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YoYo Games on the rise with plan to double staff

Sandy Duncan: 'This move will allow us to accelerate our growth plans'. Picture: Ian Rutherford

Sandy Duncan: 'This move will allow us to accelerate our growth plans'. Picture: Ian Rutherford

  • by DOMINIC JEFF
 

YOYO Games, the Dundee-based software firm backed by former executives from Xbox and Last.fm, is planning to double its headcount by creating 25 jobs as demand for its gaming platform soars.

The company is moving into larger offices in the city’s Waterfront regeneration area to make space for extra employees in systems development, software engineering, sales and customer service.

Chief executive Sandy Duncan said the firm had the “right technology at the right time” as developers large and small sought to get the latest games out on phones, computers and consoles all at once.

He said the firm would create the jobs over the next year to 18 months.

“There’s a huge appetite from games developers to make games efficiently and get them out to multiple markets at the same time,” he said. “We make that really easy.”

YoYo’s GameMaker has been available as a tool for “bedroom coders” since 2007, but the company recently launched a beefed-up version known as “Studio” that automatically enables games to operate across different platforms, including

Apple’s iPad and iPhone, Android smartphones, Facebook and Windows.

Duncan said: “Although the company has been around for a few years, the real technology investment started three years ago and is now paying off handsomely.

“This year we are looking at 300 to 400 per cent revenue growth. It’s a question of how far can it go.”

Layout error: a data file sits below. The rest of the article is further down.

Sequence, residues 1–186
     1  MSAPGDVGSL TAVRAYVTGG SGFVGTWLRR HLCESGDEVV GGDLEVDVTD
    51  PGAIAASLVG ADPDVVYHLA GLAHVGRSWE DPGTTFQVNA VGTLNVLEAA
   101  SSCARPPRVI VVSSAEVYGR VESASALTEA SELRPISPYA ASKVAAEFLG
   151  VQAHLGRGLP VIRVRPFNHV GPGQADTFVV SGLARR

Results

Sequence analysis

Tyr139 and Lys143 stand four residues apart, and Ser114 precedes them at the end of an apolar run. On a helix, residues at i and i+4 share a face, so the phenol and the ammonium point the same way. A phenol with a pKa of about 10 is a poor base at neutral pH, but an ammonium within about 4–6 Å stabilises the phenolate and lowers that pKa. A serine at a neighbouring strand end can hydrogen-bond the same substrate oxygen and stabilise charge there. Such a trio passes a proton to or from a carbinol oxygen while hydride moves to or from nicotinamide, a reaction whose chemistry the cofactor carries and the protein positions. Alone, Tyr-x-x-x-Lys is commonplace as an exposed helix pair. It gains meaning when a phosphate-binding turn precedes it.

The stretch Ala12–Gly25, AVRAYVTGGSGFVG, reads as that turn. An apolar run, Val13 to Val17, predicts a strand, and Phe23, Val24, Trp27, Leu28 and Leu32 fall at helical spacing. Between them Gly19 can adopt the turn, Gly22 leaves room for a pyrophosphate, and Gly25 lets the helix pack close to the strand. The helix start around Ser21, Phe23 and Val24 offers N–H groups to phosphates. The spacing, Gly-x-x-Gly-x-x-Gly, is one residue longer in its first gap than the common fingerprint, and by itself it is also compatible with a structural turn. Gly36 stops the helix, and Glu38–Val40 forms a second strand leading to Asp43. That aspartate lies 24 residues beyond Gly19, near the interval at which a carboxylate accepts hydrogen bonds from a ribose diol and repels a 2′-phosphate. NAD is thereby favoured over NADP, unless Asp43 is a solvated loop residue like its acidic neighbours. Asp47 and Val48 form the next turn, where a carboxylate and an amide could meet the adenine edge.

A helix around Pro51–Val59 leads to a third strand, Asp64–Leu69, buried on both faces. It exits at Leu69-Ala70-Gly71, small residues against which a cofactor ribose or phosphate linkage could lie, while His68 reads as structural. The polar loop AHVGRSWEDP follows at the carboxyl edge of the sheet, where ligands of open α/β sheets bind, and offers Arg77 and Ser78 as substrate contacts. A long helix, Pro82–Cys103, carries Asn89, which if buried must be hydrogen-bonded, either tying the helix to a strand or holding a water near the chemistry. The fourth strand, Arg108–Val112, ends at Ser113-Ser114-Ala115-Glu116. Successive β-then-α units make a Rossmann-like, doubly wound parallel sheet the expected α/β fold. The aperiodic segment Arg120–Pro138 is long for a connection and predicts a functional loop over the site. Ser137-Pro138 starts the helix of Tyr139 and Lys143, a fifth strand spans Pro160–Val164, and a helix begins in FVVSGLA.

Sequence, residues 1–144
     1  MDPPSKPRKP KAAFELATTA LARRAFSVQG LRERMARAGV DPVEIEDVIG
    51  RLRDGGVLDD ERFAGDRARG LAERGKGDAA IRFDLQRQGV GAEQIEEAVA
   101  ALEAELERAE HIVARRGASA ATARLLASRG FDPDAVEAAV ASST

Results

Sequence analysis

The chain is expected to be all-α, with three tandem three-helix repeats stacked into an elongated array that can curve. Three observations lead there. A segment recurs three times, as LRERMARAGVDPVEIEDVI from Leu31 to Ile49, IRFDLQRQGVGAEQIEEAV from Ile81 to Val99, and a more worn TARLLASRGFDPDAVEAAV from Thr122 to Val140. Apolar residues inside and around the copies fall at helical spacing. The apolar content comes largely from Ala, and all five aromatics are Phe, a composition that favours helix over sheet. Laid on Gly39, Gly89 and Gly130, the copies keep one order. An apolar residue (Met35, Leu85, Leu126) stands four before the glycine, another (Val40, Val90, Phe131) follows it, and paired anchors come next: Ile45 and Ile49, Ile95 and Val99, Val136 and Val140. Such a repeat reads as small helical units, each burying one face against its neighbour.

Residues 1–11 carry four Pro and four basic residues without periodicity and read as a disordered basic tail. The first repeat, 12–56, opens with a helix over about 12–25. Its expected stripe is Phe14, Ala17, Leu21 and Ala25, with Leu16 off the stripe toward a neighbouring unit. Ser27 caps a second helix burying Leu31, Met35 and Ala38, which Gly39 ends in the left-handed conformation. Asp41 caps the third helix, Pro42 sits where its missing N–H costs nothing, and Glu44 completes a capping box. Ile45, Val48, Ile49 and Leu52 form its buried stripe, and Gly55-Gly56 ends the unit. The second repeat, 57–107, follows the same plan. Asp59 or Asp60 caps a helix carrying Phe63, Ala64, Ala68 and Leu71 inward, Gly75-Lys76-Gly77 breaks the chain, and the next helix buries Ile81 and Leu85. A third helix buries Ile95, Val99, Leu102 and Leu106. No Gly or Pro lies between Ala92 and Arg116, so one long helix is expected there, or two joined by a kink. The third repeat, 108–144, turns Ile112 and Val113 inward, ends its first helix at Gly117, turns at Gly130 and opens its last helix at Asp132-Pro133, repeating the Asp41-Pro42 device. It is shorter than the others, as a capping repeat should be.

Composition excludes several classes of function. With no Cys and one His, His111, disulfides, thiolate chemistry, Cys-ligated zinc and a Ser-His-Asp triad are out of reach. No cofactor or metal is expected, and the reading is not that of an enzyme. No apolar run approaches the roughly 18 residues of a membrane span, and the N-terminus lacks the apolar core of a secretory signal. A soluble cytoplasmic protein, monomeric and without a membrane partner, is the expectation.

YoYo Games established its European headquarters in Dundee in May 2010 by opening an office at Abertay University with two team members.

Since then the business has grown rapidly and has now taken a ten-year lease on 8,700sq ft of prime office space in DundeeOne, a new Grade A office development at City Quay on the banks of the River Tay developed by Unicorn Property Group.

As well as its development software, YoYo also creates and publishes games to demonstrate the potential of GameMaker: Studio. It currently has about 25 employees in Dundee, which is its research and development centre.

Duncan said the firm will also start to expand its small global sales team as it seeks to reach more of the games development market, estimated to include between one and three million individuals and firms.

He added: “We are delighted with Dundee – the quality of staff coming out of the universities and colleges is outstanding and has been core to our success. This move into Dundee Waterfront and the DundeeOne building will allow us to accelerate our growth plans and hopefully create further high quality employment opportunities.”

 

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